Top ways hospital executives can reduce the 1 in 25 infection rate in hospitals
In 2011, one in every 25 patients left the hospital with something they didn’t have before: an infection.
According to a recently published study in the New England Journal of Medicine, patients contracted 721,800 infections within that year alone; of those 721,800, 75,000 died from recorded research from the U.S. Centers for Disease Control and Prevention. This alarming report is raising concern in hospital executives everywhere, in terms of what they can do to increase hospital standards and decrease patient infections.
Top five reported infections:
1. Pneumonia (22%)
2. Surgical-related infections (22%)
3. Urinary tract infections (less than 15%)
4. Infections of the bloodstream (less than 15%)
5. Clostridium deficiency (less than 15%)
Although this study highlights alarming numbers of those contracting illnesses from hospitals, the report marks progress from previous years. There was an estimated 1.7 million healthcare or hospital-associated infections in 2002, over 155,668 patients deaths in total. From these findings, healthcare providers said that the patient’s infection directly contributed to patient death.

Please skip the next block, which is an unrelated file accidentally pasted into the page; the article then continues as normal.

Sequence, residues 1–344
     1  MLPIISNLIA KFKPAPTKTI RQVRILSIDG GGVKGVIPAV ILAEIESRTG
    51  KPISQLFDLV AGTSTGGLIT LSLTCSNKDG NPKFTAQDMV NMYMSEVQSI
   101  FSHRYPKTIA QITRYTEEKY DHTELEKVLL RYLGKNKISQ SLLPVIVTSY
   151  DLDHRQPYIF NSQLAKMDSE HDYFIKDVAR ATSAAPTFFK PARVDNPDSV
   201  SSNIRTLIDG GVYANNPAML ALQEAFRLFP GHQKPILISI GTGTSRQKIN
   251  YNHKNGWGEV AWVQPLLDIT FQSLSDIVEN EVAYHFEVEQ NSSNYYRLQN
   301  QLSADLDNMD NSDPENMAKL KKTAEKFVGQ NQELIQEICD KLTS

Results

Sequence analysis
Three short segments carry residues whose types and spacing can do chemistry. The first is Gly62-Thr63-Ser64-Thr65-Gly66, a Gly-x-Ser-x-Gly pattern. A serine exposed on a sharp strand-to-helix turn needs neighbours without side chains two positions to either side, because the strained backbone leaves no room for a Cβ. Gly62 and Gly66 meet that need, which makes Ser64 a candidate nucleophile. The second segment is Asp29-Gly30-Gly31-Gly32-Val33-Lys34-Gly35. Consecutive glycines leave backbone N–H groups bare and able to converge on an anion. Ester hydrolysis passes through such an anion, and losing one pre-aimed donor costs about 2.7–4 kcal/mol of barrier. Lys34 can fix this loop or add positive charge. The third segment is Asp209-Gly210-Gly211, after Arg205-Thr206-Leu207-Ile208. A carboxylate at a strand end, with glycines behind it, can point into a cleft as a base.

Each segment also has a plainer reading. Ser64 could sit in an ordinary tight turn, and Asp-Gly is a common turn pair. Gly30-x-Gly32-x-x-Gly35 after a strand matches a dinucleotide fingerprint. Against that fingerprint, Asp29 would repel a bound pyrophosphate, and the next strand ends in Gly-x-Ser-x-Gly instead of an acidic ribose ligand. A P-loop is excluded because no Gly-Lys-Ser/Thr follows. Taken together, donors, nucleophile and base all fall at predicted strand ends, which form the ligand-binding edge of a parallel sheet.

When it comes to reducing infection rates, "there's great data showing that we can actually move the needle significantly," says Dr. Michael Bell, director of the CDC's Division of Healthcare Quality Promotion. "But at the same time, we're not doing a perfect job of doing everything we should, every single time," says Bell, "and there's some things which we haven't figured out how best to manage -- yet."
By following a simple checklist of best practice solutions and offering better incentives to hospital professionals, experts reported that the rate of infection dropped 44 percent between 2008 and 2012. By following the listed tips below, hospital executives can increase their hospital’s commitment to reducing infection and protecting its patients by starting with these seemingly simple ideas:
1. Follow proper HIPAA SOP and surgical practices by the book: leave no room for error
2. Better manage supplies: provide extra budget and resources to have well-stocked and clean supplies
3. Collect and respond to patient feedback: understand the importance of your patient’s voice